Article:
Many Medicare beneficiaries face financial difficulties associated with high out-of-pocket costs. About 20 percent of potential enrollees will be eligible for subsidies under the new prescription drug plan because of their low incomes. However, a Fund-supported study led by Bruce Stuart, Ph.D., estimated that 38 percent of enrollees would have high spending that falls in the so-called "doughnut hole"—a gap in coverage in which beneficiaries are responsible for 100 percent of drug costs—and another 14 percent will exceed the threshold for catastrophic coverage. The authors of the study project drug bills of nearly $11,000 from 2006 to 2008 for the average high spender and bills of $12,300 over that same period for the average catastrophic spender.(2)
Although plans providing coverage that fills the doughnut hole will be available, they will be more expensive or will provide more limited coverage—generic drugs only, for example—for this range of expenses.
In a Fund-supported study, Gerard Anderson, Ph.D., of Johns Hopkins University and colleagues explored mechanisms for eliminating the coverage gap in the Medicare drug bill. The authors concluded that Congress could eliminate the doughnut hole if Medicare were to pay no more than the benchmark drug prices of Canada, the United Kingdom, and France, although there could be a trade-off in terms of decreased spending by pharmaceutical companies on research and development.(3)
The new Medicare Part E benefit outlined by Karen Davis and colleagues would also eliminate the doughnut hole. In an October Health Affairs
Web Exclusive, the authors presented a new comprehensive benefit option for the traditional fee-for-service Medicare program.(4)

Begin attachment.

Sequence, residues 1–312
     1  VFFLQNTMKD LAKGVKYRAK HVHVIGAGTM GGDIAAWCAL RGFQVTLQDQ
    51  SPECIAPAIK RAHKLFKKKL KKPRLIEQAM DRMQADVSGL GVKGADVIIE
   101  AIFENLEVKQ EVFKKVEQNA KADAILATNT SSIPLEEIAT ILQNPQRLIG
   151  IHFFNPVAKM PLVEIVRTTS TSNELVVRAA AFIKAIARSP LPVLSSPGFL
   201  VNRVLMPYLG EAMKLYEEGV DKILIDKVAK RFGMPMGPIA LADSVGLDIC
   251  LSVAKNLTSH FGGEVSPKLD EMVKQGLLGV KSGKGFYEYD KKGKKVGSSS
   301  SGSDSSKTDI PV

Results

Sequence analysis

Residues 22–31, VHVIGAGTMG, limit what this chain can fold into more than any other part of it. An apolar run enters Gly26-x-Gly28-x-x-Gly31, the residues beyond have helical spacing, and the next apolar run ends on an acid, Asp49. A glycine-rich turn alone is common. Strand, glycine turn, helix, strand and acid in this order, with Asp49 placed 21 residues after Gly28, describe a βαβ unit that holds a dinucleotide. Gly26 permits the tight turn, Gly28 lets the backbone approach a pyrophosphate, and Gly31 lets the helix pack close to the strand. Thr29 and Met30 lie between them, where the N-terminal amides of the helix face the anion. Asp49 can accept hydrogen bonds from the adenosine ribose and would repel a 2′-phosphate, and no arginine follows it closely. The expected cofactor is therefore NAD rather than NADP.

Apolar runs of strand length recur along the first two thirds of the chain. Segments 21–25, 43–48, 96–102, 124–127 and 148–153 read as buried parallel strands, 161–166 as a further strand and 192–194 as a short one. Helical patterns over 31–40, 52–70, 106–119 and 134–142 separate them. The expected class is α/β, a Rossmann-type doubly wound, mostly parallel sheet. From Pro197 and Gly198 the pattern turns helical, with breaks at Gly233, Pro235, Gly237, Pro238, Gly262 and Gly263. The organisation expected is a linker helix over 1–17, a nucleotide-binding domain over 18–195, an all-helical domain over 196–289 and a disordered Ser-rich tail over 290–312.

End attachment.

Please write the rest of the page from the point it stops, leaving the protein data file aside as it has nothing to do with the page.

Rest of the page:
Beneficiaries who choose to enroll in the option, dubbed "Medicare Extra," would no longer need to purchase a private drug plan as well as Medigap supplemental coverage to meet their coverage needs. The new option, which provides benefits similar to the main plan covering federal employees, would eliminate the gap in prescription drug benefits and protect beneficiaries from catastrophic out-of-pocket costs—not only for drugs, but for hospital and physician services as well.
Research indicates that premiums and out-of-pocket medical expenses now constitute 22 percent of Medicare beneficiaries' incomes and will reach 30 percent by 2025.(5)
To improve the financial security of older adults, the Fund's program is exploring new strategies to encourage individuals to save more for their retirement. The Commonwealth Fund Survey of Older Adults found that nearly seven of 10 respondents were interested in a "Medicare Health Account," which would allow them to save for health costs not currently covered by Medicare.(6)